• @Jon - I, too, was going to comment about using a projected CRS as well until I tried his example in QGIS in EPSG:4326. I was slightly surprised that it produced the result he was looking for - a buffer a uniform 2 degrees wide running from the equator to 80 degrees north. I can imagine use cases where this is the desired result. – Llaves Jun 26 at 3:13
  • Yes you right @Jon about the CRS, it's a copying error and edit the question. I also tried with projected EPSG:3395 and have the same result (see the new question editing). – Robin Jun 26 at 6:54
  • @LLaves As it should. Like I said, shapely doesn't care about your units or projection so if you ask for a buffer of "2", you'll get a buffer of "2." The reason it's a bad idea (usually) to buffer in degrees is that your buffer width/length will not be the same everywhere as the length of a degree of longitude shrinks towards the poles, or put another way, 2 degrees longitude is a much smaller length in Alaska than at the equator. – Jon Jun 26 at 15:00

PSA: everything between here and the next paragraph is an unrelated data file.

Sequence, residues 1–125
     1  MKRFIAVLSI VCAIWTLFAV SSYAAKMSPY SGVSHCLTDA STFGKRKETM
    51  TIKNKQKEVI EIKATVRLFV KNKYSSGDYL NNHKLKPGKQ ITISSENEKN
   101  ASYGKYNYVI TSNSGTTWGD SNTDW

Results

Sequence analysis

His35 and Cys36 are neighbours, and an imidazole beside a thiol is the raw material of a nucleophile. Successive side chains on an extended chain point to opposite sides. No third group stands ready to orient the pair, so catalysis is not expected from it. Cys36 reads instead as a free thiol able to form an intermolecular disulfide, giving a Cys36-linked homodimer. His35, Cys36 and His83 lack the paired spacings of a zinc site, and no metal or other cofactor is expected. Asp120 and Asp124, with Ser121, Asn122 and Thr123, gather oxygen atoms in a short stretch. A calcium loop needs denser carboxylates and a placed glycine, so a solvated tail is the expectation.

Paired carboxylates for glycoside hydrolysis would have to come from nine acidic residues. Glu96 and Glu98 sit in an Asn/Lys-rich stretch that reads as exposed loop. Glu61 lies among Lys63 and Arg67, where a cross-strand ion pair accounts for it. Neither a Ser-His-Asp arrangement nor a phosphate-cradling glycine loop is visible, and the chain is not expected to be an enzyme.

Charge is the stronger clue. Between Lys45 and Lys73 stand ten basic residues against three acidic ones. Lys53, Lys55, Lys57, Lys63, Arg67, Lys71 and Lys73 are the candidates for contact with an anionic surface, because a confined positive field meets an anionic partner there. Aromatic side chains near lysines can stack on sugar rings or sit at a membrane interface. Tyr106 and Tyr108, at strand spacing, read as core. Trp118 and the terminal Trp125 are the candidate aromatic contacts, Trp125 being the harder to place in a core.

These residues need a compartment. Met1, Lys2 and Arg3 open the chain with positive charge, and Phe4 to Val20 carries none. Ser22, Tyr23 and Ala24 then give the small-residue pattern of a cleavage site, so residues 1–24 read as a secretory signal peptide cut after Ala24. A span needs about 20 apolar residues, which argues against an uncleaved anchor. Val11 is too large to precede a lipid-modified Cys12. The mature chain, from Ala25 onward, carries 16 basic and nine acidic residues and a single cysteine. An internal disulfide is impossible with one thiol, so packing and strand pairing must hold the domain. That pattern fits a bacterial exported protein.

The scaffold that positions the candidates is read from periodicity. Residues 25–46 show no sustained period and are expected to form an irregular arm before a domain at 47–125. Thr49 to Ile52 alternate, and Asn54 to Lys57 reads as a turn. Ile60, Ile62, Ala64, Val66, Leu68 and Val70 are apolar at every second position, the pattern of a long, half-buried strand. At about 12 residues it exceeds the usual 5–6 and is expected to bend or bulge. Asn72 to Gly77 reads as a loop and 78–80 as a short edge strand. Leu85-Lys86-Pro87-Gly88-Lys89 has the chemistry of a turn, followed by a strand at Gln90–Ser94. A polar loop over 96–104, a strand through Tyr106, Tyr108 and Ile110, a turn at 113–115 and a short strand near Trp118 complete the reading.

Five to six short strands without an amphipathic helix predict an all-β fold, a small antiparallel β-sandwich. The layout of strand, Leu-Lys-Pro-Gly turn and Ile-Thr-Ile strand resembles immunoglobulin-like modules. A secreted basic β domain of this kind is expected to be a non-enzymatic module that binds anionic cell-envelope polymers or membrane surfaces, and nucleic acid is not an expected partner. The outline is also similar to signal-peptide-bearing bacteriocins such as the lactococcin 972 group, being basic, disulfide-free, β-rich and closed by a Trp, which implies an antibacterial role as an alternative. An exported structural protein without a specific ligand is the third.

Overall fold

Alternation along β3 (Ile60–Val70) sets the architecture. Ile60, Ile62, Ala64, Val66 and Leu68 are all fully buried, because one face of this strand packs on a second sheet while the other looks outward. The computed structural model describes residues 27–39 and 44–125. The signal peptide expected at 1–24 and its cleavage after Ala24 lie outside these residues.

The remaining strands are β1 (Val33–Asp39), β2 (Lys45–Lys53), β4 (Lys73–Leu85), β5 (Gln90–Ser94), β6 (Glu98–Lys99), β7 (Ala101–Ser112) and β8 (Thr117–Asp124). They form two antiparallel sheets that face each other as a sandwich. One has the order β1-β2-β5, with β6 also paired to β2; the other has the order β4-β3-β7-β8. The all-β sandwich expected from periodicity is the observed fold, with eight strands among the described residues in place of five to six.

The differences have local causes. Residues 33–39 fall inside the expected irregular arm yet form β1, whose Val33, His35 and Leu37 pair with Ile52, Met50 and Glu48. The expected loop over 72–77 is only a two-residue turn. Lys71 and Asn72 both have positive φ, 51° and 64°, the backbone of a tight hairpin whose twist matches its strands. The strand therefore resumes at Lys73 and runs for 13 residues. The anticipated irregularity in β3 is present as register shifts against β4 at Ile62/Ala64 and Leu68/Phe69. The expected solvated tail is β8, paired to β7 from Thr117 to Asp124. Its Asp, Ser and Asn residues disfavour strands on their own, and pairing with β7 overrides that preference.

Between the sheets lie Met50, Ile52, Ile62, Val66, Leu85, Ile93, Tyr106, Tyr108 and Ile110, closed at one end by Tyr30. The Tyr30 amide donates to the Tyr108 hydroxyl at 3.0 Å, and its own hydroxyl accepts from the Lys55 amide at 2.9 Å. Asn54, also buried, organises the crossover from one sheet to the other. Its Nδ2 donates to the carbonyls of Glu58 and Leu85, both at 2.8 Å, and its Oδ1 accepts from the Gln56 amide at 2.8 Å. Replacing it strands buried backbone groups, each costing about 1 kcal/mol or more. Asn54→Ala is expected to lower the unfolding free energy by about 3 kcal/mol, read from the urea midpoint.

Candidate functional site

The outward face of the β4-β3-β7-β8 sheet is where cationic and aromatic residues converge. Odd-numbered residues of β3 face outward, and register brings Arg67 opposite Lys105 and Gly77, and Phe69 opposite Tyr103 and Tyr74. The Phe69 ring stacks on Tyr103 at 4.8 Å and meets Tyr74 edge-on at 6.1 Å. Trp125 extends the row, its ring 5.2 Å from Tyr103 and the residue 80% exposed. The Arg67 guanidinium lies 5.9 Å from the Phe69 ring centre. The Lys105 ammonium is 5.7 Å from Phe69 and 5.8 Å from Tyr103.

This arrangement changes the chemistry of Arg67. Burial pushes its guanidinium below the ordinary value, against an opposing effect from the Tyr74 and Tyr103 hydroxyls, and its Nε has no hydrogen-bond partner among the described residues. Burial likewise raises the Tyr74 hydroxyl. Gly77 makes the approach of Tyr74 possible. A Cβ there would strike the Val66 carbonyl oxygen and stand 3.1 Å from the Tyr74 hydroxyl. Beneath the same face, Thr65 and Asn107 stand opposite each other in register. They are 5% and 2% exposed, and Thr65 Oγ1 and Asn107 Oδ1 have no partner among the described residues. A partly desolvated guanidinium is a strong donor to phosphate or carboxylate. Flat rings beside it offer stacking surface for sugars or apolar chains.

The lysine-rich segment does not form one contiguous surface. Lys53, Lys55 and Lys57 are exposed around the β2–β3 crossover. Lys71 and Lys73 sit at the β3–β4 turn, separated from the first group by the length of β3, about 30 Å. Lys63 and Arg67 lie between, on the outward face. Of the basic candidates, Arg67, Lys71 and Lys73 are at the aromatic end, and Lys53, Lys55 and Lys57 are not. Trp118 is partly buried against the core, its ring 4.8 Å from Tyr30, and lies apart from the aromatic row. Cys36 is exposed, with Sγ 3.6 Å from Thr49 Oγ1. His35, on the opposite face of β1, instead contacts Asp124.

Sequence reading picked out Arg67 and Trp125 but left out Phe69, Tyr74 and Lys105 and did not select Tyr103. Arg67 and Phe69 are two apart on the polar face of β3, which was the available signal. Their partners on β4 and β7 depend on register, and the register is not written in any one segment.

You are generating your buffer in an unprojected (geographic) CRS EPSG:4326, not "world mercator" as commented in your script.

Your buffers are generated correctly (if it can be said that using degrees as a measurement is "correct"...), with 2 degree width at all latitudes. However you are viewing them in EPSG:3857 a projected coordinate system known as "Web Mercator" or "Pseudo-Mercator" so they appear squashed at higher latitudes.

Basically, you are buffering in one coordinate system, if you display and measure in that coordinate system, you will get the expected buffer width. If you display/measure in a different coordinate system, you'll get a different answer.

Below are a couple of screenshots of the same shapefile (EPSG:4326 & 3395) output by your code, but using different CRS in QGIS to visualise/measure.


enter image description here


enter image description here


enter image description here